Even if your child isn’t thrilled that summer vacation’s almost over, they can’t resist shopping for brand-new stuff. Tuck this checklist and these insider tips in your wallet and get ready for a shopping spree you’ll both enjoy. Don’t forget to check great deals at consignment shops too! In Whispering Pines. NC check out The Puzzle Piece Consignment Shop and get a discount with your Sandhillskids card! ! In Fayetteville NC check out Hugs and Kisses Consignment Sale next week!!
Before You Go . . .
Prepare a budget with your child. He’ll learn a lesson in responsibility and be less likely to get upset if you can’t afford something he wants.
Agree to let your child pick out a couple of special items that they like.
What to Buy:
♦ Underwear — 10 pairs.
♦ Socks — 10-14 pairs.
♦ T-shirts — 6-10.
♦ Sweaters/Sweatshirts — 2-3. In the early fall, your child can throw a long-sleeved shirt or cardigan over her trusty T-shirt and add a hooded sweatshirt to keep extra warm.
♦ Pants — 5+ (preschool); 3 (older children). Preschoolers “still spend a fair amount of time on the floor so choose a durable fabric like denim. Elastic waists are essential for little ones, who get frustrated when they have to deal with snaps or zippers at toilet time.
♦ Skirt and coordinating top — 1 (for girls). Your daughter should have one pretty skirt for special events, to wear with an appropriate sweater or blouse, though older girls might prefer to dress up jeans with a classy shirt.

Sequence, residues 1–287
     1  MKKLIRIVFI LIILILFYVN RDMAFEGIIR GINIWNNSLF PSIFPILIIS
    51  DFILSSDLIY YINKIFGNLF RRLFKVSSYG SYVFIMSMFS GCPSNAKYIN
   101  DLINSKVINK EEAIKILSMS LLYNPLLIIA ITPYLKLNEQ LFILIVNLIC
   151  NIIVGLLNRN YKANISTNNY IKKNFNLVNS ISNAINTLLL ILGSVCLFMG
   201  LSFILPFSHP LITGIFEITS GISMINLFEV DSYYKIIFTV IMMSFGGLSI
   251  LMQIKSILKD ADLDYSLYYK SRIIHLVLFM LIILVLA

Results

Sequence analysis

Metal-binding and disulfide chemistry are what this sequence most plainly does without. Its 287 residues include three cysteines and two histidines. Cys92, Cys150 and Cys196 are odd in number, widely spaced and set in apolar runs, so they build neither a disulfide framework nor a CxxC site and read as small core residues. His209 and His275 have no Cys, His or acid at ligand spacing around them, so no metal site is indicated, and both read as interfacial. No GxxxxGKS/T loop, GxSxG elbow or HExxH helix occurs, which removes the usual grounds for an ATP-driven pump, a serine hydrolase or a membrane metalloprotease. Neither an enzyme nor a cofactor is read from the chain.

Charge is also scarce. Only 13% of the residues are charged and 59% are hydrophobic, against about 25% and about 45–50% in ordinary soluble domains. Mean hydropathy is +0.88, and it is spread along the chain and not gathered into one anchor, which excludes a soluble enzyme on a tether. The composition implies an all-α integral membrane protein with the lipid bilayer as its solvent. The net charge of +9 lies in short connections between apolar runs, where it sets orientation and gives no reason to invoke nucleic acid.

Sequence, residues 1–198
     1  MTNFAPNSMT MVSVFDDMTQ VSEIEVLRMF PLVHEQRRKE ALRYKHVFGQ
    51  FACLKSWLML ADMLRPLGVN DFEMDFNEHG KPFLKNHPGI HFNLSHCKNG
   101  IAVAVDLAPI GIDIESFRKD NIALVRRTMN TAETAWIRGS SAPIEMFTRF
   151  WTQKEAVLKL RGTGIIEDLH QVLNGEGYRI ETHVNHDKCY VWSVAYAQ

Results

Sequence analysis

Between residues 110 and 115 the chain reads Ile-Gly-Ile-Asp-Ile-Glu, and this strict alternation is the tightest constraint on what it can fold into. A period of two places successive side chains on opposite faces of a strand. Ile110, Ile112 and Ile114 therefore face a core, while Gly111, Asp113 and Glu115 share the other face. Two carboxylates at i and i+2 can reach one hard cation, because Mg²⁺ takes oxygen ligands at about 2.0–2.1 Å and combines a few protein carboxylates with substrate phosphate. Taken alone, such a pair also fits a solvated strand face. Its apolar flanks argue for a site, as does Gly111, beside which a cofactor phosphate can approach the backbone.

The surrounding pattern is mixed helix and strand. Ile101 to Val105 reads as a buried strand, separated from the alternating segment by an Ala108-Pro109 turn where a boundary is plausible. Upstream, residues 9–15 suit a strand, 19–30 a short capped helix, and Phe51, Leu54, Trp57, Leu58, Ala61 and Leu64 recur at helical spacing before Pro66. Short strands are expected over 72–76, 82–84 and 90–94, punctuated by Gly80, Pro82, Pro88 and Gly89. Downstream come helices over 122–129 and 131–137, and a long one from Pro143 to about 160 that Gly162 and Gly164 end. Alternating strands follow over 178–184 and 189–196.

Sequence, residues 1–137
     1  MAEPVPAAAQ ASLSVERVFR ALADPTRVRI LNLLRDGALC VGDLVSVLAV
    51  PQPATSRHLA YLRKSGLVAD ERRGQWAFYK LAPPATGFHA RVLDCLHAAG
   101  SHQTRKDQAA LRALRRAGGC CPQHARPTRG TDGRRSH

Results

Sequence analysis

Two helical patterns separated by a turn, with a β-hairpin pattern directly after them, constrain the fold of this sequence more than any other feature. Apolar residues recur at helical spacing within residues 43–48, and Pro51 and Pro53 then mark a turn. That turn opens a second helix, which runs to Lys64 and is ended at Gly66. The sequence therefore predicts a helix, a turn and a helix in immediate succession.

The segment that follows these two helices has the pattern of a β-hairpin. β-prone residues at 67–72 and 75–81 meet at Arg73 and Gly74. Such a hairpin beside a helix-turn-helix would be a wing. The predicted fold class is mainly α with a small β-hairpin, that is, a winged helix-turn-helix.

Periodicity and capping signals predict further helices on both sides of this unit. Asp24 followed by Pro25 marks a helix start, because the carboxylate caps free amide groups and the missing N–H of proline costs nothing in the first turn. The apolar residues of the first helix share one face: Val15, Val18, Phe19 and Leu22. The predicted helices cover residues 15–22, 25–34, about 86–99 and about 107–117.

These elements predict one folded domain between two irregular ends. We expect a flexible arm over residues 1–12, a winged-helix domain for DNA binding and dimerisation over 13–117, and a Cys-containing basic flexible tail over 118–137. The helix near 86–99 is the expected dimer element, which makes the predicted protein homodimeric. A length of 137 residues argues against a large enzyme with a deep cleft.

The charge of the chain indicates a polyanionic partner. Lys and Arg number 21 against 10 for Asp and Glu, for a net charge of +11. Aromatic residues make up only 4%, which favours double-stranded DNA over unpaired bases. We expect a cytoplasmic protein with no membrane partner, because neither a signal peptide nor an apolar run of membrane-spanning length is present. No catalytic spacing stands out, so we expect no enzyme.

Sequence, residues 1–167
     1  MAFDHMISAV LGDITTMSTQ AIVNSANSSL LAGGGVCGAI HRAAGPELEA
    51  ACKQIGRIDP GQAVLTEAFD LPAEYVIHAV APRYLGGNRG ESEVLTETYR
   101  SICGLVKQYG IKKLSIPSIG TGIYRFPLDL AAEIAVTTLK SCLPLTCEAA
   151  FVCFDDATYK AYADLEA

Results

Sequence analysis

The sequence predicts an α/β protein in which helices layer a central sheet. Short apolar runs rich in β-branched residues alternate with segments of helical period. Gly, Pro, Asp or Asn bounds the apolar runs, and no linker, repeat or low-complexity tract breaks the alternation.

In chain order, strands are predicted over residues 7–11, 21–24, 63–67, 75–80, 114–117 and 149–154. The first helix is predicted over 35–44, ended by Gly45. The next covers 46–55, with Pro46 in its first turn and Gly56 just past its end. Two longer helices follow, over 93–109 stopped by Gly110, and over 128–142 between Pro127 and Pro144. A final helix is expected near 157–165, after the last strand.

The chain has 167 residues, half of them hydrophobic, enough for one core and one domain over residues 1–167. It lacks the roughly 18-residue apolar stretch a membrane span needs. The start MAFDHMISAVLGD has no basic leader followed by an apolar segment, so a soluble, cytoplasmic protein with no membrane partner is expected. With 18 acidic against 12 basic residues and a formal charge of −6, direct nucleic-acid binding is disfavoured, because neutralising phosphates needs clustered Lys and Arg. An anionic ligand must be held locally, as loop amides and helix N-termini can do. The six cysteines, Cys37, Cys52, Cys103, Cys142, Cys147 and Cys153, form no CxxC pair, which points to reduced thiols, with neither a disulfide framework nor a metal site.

♦ Shoes — 2 pairs. Most children are perfectly happy with sneakers for everyday wear, but check with your school to find out what’s appropriate.
♦ Boots — 1 pair. Sturdy waterproof boots are necessary in rainy or snowy climates.
♦ Coats — 1 fall (optional), 1 winter, 1 raincoat. If your middle-schooler refuses to wear a winter coat, there’s not much you can do. But make sure that younger kids are fully outfitted to withstand the elements. A good hooded sweatshirt or fleece should be fine for fall, but cold winters demand a good wool coat or down parka. Look for a flannel-lined raincoat to keep your child warm as well as dry. it should be roomy enough to go over clothes and maybe a backpack.
♦ Hats, gloves, and scarves. Avoid knits and wool, which don’t dry easily.
Neckwarmers — tubes of fabric that slip over your child’s head — stay put better than scarves and are safer, too, since there are no loose ends to get caught.
Keep heads and ears covered with hats or fleece headbands.